Alan Ball isn’t getting out of the death business anytime soon, while Judd Apatow is branching out from bromance. Both have new pilots that have just been shot for HBO, based on source material from other writers Charlie Huston and Lena Dunham.
Ball’s pilot, for a show called “All Signs of Death,” is based on Huston’s book “The Mystic Arts of Erasing All Signs of Death,” a dark, twisted, and comedic story about a guy named Web who works for a trauma cleaning unit called Clean Team in Los Angeles (think “Sunshine Cleaning” meets “Dexter,” for all the sunny blood splatter). During the shooting of the pilot, Huston blogged, “A blood mortar sprays red-dyed banana and clumps of hair at a wall in a PCH beach house. Is this me? Are these the stories I’ve been telling? Jesus, why didn’t anyone tell me it was like this?”
Huston wrote the draft for the pilot, while Ball is directing and executing producing. Ben Whishaw plays Web, while Dale Dickey from Winter’s Bone plays his hippie mom Theodora, who spends her time growing and smoking marijuana in Oregon (“So I’m playing myself!” Dickey joked. “Not really.”).
If “All Signs of Death” is cleared for series, the first season will loosely follow the plot of the book, which means some parts still need to be cast. Dickey told ComingSoon.net she’d like to see Brian Cox play Web’s father. “There’s a dad in the book,” Dickey said, referring to L.L. Crows, a former Hollywood script doctor turned alcoholic. “It’s an extremely important role. I’m looking at Brian Cox only because he was a teacher of mine when I studied in England years ago, and I adore him, and I think it would be fun to work with him.”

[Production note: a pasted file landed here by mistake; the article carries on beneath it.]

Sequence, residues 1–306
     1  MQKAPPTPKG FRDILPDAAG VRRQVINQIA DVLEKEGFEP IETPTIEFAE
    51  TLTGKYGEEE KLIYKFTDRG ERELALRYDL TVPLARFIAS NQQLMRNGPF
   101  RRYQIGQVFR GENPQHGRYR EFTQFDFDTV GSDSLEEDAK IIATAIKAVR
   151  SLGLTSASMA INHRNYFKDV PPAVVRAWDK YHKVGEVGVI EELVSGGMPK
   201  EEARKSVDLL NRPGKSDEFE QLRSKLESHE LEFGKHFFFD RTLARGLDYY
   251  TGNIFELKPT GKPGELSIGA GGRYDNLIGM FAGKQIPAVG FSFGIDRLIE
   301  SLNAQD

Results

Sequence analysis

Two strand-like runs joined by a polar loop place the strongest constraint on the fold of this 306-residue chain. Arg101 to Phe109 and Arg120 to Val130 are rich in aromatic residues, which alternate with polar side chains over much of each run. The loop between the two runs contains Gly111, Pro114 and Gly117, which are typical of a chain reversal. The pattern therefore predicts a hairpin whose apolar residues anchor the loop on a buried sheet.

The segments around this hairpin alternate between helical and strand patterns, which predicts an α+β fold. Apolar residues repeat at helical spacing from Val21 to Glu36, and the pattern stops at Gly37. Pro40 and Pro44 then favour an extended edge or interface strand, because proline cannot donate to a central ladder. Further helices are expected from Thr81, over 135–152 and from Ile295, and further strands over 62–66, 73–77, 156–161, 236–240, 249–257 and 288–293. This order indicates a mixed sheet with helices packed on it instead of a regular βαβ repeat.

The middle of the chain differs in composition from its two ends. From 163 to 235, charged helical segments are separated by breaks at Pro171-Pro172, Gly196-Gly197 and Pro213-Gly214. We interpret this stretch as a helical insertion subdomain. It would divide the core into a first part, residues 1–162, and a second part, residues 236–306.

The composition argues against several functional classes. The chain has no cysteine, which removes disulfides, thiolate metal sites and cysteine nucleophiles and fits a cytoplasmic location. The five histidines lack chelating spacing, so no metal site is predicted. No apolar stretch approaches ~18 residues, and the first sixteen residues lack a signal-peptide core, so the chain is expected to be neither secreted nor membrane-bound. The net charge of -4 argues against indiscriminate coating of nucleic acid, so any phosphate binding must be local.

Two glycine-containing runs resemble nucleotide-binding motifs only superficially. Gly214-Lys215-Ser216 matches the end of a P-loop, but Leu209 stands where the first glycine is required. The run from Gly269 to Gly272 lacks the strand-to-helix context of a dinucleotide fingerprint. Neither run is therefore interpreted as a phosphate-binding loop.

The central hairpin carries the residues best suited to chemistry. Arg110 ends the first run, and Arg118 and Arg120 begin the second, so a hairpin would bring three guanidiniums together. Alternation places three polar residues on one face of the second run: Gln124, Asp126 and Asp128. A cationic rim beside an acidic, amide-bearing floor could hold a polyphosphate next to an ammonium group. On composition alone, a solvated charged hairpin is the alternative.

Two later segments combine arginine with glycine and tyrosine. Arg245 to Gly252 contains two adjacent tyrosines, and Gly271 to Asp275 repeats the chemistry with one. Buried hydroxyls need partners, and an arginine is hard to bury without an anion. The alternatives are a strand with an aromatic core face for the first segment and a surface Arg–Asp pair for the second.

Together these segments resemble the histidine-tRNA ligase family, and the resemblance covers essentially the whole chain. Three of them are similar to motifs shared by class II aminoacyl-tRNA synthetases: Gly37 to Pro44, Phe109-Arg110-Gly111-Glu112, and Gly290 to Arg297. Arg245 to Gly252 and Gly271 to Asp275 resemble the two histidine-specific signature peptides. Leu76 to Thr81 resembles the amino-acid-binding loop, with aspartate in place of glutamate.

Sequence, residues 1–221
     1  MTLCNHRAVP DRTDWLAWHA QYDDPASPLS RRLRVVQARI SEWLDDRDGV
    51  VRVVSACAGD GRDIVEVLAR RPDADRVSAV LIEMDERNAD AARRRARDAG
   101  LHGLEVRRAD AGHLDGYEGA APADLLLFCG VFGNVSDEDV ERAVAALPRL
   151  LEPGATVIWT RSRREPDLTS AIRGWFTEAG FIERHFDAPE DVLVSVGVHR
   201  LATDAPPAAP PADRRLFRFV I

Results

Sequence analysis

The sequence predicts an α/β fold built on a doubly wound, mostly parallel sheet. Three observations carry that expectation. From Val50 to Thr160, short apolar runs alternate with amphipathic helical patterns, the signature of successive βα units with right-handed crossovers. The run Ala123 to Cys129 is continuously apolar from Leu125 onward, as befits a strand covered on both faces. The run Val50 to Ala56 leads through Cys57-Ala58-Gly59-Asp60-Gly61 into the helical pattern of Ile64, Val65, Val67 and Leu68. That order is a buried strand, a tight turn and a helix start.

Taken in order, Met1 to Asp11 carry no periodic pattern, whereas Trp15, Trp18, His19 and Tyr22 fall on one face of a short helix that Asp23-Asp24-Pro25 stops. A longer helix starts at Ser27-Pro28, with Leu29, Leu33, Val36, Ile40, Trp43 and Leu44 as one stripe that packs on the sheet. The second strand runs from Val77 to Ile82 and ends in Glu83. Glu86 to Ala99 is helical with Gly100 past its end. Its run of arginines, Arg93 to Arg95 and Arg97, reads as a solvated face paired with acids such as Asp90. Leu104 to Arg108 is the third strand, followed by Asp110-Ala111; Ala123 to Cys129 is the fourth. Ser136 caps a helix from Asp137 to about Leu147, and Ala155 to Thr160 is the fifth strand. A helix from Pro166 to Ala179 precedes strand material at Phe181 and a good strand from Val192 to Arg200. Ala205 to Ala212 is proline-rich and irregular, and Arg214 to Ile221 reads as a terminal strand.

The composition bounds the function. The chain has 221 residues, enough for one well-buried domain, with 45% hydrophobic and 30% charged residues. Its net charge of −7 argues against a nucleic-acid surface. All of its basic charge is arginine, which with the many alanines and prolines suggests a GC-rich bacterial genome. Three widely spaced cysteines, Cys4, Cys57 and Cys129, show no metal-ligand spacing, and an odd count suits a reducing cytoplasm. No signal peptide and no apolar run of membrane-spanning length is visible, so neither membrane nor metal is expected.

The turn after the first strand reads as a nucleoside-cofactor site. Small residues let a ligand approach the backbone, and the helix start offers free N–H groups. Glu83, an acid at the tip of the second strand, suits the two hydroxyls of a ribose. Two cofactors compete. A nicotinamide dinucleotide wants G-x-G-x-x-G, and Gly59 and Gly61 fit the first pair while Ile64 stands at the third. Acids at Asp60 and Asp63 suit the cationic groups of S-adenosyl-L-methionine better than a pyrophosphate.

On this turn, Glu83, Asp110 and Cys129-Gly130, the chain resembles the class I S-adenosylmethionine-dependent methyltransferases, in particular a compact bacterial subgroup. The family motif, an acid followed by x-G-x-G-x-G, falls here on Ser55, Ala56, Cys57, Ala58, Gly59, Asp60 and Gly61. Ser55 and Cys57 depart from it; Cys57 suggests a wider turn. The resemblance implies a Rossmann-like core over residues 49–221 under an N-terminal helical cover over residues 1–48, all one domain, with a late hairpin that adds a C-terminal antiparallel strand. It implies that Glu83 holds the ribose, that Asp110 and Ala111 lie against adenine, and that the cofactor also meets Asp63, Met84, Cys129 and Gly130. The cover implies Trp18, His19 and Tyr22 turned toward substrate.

Apatow’s pilot, which he’s executive producing, is for a show called “Girls,” written and directed by Tiny Furniture‘s Dunham. “‘Girls’ is definitely a departure from ‘Tiny Furniture,'” Dunham told ComingSoon.net, “but there are definitely common themes, like what people responded to in the movie is going to be present in the show.”
Like a younger, more real-life version of “Sex and the City,” “Girls” follows three girlfriends in their early ’20s – Hannah, Marnie, and Jessa. Dunham plays Hannah, the Carrie-like central figure who is a hopeful writer. Allison Williams, NBC Nightly News anchor Brian Williams’ daughter who has gained some notoriety for her singing over the “Mad Men” theme on YouTube, plays the feisty Marnie, an assistant at a PR firm who would like to be a lawyer. And Jemima Kirke, who played Charlotte in Tiny Furniture, will be Jessa, the arty and flakey one of the bunch.
“I hope that we get a chance to go to series, because I’ve never seen a series about girls like me or girls my age depicted in a way that felt accurate and honest,” Dunham said. “I can always promise awkward sex – not sex in a pipe, but I won’t disappoint you. It’s still cringe-worthy.”
Two supporting male characters will be played by Chris Abbott and Adam Driver (from HBO’s “You Don’t Know Jack”), the latter of which will play a love interest for Hannah. “We have a cast that really gets me hot and bothered, and hopefully other people too,” Dunham laughed.